Albert Brooks (born July 22, 1947) is an actor, comedian, and director. He was born Albert Einstein in Los Angeles, California.
His father, Harry Einstein, was known as Parkyarkarkus, a Greek dialect comedian who performed on Eddie Cantor's radio program. Albert grew up among showbiz royalty in southern California, attending high school with Carl Reiner's son Rob and Joey Bishop's son Larry. To break into acting Albert attended Carnegie Tech in Pittsburgh, then changed his surname and began a standup career which quickly made him a staple on variety and talk shows during the late '60s/early '70s. Brooks's onstage persona of an egotistical, nervous comic influenced such other comedians as Steve Martin, Martin Mull, and Andy Kaufman.
After two successful comedy albums, Brooks left the standup circuit to try his hand as a filmmaker; his first film was a satiric short The Famous Comedians School which appeared on PBS and was an early example of the mockumentary comedy sub-genre. He then directed six short films for the first season of NBC's Saturday Night Live in 1975 and appeared in his first film, opposite Cybill Shepherd in Scorsese's landmark Taxi Driver (Scorcese allowed Brooks to improvise much of his dialogue). Brooks also made a brief cameo in Goldie Hawn's Private Benjamin (1980).
Brooks directed his first feature film, Real Life, in 1979. Real Life was a witty sendup of PBS's American Family documentary, in which Brooks obnoxiously films a typical suburban family in an effort to win not just an Oscar, but a Nobel Prize.
Through the 1980s and 1990s, Brooks would co-write (with longtime collaborator Monica Johnson), direct, and star in a series of moderately-successful comedies, playing variants on his standard neurotic and self-obsessed character. In Modern Romance Brooks played as a film editor desperate to win back his ex-girlfriend.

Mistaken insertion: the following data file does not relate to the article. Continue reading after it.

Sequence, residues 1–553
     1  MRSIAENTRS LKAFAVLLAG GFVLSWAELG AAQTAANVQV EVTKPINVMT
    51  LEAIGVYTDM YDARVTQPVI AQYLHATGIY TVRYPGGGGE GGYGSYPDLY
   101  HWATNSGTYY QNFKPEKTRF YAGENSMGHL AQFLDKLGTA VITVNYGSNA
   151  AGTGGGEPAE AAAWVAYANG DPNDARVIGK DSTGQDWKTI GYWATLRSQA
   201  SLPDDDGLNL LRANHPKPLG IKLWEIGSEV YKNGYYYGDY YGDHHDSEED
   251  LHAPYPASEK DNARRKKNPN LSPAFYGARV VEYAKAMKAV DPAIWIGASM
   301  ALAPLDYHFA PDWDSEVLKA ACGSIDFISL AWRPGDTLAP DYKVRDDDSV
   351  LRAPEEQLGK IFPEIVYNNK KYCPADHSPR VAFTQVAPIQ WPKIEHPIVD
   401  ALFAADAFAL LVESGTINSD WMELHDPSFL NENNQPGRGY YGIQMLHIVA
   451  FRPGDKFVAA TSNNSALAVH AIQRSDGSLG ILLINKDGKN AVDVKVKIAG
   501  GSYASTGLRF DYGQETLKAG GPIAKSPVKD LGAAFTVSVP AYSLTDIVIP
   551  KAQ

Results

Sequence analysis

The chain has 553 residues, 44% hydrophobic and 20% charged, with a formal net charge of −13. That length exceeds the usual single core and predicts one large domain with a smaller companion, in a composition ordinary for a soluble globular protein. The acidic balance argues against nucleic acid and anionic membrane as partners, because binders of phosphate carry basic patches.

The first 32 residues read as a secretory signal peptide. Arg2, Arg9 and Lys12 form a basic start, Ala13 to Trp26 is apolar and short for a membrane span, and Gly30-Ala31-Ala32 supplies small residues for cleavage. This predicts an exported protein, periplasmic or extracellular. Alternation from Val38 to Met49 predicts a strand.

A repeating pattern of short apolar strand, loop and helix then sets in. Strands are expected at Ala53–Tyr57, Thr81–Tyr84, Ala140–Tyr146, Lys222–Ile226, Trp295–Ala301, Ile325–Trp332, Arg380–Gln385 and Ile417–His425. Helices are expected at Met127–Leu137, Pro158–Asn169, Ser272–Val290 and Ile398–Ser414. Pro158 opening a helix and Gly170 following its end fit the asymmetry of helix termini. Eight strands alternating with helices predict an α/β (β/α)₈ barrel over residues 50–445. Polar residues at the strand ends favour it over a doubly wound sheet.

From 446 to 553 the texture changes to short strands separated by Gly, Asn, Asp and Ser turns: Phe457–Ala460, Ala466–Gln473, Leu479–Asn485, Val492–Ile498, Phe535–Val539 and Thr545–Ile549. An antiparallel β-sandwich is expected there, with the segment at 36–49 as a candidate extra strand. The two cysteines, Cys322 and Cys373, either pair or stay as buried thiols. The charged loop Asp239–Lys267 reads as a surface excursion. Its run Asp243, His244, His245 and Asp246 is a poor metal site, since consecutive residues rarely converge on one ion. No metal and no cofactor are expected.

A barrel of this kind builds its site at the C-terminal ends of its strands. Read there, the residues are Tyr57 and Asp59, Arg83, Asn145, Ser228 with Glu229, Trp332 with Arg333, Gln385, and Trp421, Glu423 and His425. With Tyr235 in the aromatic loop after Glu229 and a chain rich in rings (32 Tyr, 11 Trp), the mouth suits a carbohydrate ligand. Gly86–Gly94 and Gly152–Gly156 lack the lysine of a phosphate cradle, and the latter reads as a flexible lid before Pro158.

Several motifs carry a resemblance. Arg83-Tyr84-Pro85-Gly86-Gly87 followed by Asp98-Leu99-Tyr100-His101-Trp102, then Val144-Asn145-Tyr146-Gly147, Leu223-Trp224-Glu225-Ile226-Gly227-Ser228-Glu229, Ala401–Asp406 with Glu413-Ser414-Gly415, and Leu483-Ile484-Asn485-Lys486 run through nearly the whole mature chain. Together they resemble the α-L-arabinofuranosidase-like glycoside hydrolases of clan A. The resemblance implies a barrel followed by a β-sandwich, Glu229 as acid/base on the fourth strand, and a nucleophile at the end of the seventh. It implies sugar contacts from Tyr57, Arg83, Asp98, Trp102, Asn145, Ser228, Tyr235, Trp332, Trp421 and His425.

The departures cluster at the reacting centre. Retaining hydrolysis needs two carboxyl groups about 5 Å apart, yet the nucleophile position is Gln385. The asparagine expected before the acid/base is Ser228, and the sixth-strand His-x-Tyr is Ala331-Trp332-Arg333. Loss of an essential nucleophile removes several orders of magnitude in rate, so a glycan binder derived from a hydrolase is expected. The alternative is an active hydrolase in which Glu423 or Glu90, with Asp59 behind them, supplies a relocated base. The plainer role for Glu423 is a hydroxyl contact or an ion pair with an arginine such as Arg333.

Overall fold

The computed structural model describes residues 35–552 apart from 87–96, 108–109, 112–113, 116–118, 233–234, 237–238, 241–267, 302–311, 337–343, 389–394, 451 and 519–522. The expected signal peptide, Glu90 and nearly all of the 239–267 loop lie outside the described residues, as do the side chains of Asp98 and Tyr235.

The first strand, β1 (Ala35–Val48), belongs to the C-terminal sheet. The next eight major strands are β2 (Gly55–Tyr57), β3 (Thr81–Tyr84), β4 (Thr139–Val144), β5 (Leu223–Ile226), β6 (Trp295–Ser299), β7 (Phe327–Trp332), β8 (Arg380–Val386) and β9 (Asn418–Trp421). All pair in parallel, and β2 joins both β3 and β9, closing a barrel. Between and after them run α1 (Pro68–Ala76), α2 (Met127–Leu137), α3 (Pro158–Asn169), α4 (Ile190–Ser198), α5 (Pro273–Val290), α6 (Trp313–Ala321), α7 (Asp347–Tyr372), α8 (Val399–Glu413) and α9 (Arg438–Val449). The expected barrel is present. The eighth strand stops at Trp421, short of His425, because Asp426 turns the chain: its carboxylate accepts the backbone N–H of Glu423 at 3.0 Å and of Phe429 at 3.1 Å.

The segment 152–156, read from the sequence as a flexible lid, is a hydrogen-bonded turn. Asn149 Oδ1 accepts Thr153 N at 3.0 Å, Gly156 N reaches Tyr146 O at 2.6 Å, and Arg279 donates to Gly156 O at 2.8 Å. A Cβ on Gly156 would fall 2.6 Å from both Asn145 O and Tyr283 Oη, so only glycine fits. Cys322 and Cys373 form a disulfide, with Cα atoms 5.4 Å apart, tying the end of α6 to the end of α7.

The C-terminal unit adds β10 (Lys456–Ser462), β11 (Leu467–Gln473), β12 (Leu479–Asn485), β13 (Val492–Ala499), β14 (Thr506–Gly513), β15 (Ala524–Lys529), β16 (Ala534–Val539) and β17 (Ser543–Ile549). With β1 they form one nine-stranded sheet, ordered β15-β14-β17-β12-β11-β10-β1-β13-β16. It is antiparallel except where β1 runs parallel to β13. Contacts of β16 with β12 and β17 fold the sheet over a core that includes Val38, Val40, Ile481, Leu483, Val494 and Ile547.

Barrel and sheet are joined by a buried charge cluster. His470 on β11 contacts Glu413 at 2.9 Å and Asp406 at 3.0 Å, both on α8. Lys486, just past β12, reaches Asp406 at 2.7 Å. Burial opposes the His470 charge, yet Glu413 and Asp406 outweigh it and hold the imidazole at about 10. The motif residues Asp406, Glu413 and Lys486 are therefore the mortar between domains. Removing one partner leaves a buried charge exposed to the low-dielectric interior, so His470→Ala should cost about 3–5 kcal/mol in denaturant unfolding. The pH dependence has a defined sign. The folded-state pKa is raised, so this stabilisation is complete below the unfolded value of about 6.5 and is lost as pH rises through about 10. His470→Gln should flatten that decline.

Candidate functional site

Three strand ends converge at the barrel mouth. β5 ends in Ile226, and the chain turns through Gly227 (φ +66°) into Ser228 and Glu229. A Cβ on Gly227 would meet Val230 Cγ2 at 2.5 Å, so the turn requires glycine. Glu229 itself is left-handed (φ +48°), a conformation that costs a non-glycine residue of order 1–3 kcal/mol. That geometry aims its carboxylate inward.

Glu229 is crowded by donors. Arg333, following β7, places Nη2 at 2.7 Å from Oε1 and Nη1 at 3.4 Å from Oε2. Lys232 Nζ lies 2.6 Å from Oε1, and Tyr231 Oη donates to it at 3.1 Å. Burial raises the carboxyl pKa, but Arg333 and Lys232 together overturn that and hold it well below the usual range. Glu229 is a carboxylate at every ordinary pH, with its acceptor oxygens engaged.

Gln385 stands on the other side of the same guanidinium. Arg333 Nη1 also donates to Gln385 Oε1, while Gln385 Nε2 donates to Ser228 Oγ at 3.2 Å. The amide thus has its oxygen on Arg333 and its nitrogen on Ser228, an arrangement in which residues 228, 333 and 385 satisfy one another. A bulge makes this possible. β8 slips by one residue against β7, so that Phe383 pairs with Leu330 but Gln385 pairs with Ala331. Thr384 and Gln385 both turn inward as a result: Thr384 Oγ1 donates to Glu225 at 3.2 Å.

His best-received film, Lost in America (1985), featured Brooks and Julie Hagerty as a couple who ditch their yuppie lifestyle to live in a motor home, only to find the disadvantages of poverty. The movie has several bravura scenes, including Brooks' unsuccessful negotiations with Vegas casino owner Garry Marshall as well as his "nest egg" monologue.
Defending Your Life (1991) placed Brooks's lead character in the afterlife, put on trial to justify his human failings and to determine his cosmic fate. Critics responded to the offbeat premise and recognized Brooks and the comedic performance from Meryl Streep as his post-death love interest. Mother (1997) starred Brooks as a middle-aged writer moving back home to resolve his tensions with Mom (Debbie Reynolds). The Muse (1999) presented Brooks as a down-and-out Hollywood screenwriter using the services of an authentic Greek muse (Sharon Stone) for inspiration.
Brooks also continued acting in other people's films during the 1980s and 1990s. In James Brooks's Broadcast News (1987), Albert won an Oscar nomination as an insecure, supremely ethical network TV reporter. He also won accolades in Out of Sight (1999) and My First Mister (2001) and has appeared as a guest voice on The Simpsons four times during its run. He countinued his voice over work in Disney and Pixar's Finding Nemo as the voice of Marlin the clown fish.
A longtime bachelor (he was romantically linked to such celebrities as Linda Ronstadt and Kathryn Harrold), Brooks married in his late 40s and became a father in his 50s.